- The catacombs of Rome have pictures of the infant Horus being held by his mother, not unlike the modern-day images of “Madonna and Child.”
- Noted English author C. W. King says that both Isis and Mary are called “Immaculate”.
- Horus says: “Osiris, I am your son, come to glorify your soul, and to give you even more power.” And Jesus says: “Now is the Son of Man glorified and God is glorified in him. If God is glorified in him, God will glorify the Son in himself, and will glorify him at once.”
- Horus was identified with the Tau (cross).
Another great pagan christ was Krishna of India. In the sacred books of India it is recorded that Krishna was born of the virgin Devaki, that his nativity was heralded by a star, and that though of royal lineage, he was born in a cave. (According to the apocryphal gospel of Protevagelion, a work attributed to James, the brother of Jesus, the Christian savior was born in a cave.) At the time of Krishna’s birth, the cave was mysteriously illuminated. (At the birth of Jesus, “there was a great light in the cave, so that the eyes of Joseph and the Midwife could not bear it.”) The infant Krishna spoke to his mother soon after his birth. (“Jesus spake even when he was in the cradle, and said to his mother: ‘Mary I am Jesus the Son of God, that Word which thou did bring forth according to the declaration of the Angel Gabriel unto thee, and my Father hath sent me for the salvation of the world’ ” according to the apocryphal gospels of 1 and 2 Infancy. )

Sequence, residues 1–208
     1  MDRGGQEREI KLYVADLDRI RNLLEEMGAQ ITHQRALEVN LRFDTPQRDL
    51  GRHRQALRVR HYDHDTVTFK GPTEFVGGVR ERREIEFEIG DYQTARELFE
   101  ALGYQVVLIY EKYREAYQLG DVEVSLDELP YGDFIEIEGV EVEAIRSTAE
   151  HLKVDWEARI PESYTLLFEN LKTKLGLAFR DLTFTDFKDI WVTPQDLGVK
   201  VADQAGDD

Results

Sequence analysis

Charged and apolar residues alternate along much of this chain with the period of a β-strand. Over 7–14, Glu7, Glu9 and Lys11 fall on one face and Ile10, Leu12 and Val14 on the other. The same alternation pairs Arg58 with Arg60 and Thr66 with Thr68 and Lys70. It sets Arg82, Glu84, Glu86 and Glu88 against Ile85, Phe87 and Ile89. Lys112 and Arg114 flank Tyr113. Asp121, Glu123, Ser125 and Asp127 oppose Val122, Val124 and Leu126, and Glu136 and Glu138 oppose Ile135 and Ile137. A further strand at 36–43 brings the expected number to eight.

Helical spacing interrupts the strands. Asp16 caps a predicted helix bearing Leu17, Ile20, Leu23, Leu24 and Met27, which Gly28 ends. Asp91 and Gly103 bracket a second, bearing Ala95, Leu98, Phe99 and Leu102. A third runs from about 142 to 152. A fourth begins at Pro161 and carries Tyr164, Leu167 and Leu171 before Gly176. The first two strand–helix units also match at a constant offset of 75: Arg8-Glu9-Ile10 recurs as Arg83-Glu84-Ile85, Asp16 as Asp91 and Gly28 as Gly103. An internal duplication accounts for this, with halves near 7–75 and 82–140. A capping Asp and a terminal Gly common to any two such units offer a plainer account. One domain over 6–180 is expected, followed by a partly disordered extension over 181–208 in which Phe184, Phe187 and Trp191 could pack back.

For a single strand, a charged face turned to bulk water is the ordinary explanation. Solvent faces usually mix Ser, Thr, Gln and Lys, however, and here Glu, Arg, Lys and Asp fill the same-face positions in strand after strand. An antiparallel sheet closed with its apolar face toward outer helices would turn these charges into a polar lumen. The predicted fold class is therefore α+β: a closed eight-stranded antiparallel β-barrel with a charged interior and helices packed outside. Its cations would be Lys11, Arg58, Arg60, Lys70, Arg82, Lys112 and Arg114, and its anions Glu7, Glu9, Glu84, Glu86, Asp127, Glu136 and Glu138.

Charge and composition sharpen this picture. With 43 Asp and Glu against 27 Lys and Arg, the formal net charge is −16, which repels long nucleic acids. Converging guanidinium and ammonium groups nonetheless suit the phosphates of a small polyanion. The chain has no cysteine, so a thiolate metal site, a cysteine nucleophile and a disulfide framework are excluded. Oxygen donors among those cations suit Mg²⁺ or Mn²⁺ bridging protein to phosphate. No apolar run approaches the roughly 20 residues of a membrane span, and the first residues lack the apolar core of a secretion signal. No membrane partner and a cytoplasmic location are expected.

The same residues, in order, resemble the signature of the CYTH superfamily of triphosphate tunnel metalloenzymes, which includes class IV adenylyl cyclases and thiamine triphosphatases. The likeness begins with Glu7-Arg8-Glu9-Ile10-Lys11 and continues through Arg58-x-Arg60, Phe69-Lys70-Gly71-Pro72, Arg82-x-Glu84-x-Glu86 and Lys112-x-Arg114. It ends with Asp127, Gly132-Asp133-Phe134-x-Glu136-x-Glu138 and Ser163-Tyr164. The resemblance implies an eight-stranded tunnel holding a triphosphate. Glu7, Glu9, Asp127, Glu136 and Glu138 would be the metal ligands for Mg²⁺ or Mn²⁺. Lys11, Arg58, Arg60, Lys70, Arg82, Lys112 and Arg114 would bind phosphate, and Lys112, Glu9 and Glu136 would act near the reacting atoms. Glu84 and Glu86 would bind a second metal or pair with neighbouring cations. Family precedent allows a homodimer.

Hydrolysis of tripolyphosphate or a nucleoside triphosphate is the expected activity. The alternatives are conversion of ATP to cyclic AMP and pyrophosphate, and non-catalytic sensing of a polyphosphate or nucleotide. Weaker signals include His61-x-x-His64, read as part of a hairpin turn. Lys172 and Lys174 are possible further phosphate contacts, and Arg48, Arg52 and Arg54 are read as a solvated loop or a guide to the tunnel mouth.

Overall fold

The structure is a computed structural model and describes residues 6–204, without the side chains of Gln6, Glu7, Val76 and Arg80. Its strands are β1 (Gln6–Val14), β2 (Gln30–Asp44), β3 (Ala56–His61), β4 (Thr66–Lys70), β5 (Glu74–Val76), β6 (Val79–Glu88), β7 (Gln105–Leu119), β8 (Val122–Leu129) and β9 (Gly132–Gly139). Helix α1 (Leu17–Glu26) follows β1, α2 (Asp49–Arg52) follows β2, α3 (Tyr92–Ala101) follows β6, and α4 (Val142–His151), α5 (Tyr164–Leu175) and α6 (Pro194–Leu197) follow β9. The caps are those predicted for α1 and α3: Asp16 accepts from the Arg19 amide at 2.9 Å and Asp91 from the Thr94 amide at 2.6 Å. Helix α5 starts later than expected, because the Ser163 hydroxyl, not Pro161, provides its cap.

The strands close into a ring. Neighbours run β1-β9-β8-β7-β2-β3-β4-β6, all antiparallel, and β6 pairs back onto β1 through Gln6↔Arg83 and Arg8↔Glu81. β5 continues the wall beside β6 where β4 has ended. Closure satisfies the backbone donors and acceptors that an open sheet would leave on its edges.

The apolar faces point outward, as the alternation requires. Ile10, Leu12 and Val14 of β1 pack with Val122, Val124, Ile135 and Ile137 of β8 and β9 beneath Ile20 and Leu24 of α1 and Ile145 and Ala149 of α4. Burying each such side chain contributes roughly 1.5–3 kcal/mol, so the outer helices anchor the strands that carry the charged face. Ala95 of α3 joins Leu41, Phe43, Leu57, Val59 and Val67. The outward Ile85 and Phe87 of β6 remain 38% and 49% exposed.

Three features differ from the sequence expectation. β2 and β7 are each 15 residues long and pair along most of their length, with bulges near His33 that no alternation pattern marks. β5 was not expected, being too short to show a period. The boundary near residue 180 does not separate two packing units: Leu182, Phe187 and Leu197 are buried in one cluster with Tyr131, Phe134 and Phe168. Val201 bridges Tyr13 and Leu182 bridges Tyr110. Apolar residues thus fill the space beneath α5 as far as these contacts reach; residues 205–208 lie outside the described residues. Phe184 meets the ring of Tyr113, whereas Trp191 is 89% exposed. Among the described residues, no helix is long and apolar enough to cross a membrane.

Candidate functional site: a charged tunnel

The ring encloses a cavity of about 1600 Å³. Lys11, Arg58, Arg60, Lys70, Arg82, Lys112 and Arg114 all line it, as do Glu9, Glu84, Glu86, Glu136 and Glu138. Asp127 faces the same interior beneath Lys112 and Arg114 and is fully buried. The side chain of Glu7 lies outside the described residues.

Krishna was born while his foster-father Nanda was in the city to pay his tax to the king. (Jesus was born while his foster-father Joseph was in the city to pay his tax to the govenor.) The babe Krishna was adored by cowherds. (The infant Jesus was adored by shepherds.) King Kansa sought the life of the Indian Christ by ordering the massacre of all male children born during the same night as was Krishna. (This is almost identical with the story of the slaughter of the innocents, ordered by Herod.) Nanda was warned by a heavenly voice to flee with the infant Krishna across the Jumna River, to Gakul, to escape King Kansa. (Joseph was warned by a voice in a dream to flee into Egypt with the Christ-child to escape the wrath of Herod.) Krishna performed many miracles in the city of Mathura. (Jesus, while in Egypt, lived in a town named Matarea, where he performed many miracles.)